A Tuesday morning ceremony near the Y-12 National Security Complex will recall the bombing of Hiroshima, Japan, on Aug. 6, 1945, during World War II, organizers said.
The annual event at the front of Y-12 includes a Names and Remembrance Ceremony. It’s sponsored by the Oak Ridge Environmental Peace Alliance.
Organizers say they will “raise voices in solidarity with survivors of the bombing of Hiroshima who say, ‘Never Again!’”
A press release said more than 60,000 people were killed instantly by the “Little Boy” bomb, the world’s first use of an atomic or nuclear weapon. The highly enriched uranium that fueled Little Boy was produced at Y-12 in giant cyclotrons, called calutrons, as part of the Manhattan Project. The bomb was dropped shortly before the war ended and three days before a second bomb, this one a plutonium weapon code-named “Fat Man,” was dropped over Nagasaki, Japan.
“Long before Hiroshima, George Santayana wrote, ‘Those who cannot remember the past are condemned to repeat it,’” said Ralph Hutchison, OREPA coordinator. “The survivors of the bombing of Hiroshima have been courageous enough to stand before the world to tell of the most horrific day of their lives—their purpose has never been to accuse or seek revenge; they strive to make sure it never happens again. They have a memory to share that no other human beings outside of Japan have, and their message is profoundly important for everyone who cares about the future. That is the spirit we bring to the Names and Remembrance Ceremony.”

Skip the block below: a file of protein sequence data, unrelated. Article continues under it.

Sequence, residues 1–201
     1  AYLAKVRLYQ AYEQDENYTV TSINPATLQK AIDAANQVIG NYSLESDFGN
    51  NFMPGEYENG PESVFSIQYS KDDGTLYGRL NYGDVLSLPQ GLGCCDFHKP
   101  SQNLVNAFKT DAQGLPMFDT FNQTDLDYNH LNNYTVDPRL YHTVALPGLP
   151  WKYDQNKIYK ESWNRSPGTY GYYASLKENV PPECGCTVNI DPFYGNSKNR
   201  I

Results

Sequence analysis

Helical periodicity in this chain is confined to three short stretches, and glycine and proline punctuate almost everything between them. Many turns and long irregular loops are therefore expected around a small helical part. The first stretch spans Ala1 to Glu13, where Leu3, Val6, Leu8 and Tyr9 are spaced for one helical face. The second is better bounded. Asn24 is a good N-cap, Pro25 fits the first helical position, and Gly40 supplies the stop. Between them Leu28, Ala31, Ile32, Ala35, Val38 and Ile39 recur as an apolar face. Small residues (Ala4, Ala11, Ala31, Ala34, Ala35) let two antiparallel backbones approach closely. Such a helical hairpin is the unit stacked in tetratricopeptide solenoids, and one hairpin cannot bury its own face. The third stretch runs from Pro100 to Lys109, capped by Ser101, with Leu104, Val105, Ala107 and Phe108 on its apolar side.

The ceremony is “doubly appropriate,” OREPA said, because Y-12 continues to produce thermonuclear cores for U.S. nuclear weapons.
“The past, present and future come together in this place,” Hutchison said. “We can’t change the past, but we can do something about the present, and it will make a great difference for a future that is threatened by nuclear weapons.”
The Names and Remembrance ceremony begins at 6 a.m. and concludes at 9 a.m.; it will take place at the intersection of Scarboro Road and East Bear Creek Road. The reading of names of victims of Hiroshima is accompanied by the pealing of a bell and the presentation of peace cranes. First-hand accounts of the bombing, poetry, and artwork of survivors are also part of the program. A moment of silence at 8:15 a.m. marks the moment of the detonation of “Little Boy” over Hiroshima; the silence concludes with Buddhist drumming and chanting.
“It is a calm and solemn ceremony,” Hutchison said. “We invite people to join us in that spirit. People who come are welcome to join in the reading or simply to observe and reflect.”
The list of names of Hiroshima victims includes Japanese residents and visitors in Hiroshima, as well as citizens of the United States, Germany, Australia, and other countries who were in Hiroshima on Aug. 6.
For more information, call Hutchison at (865) 776-5050.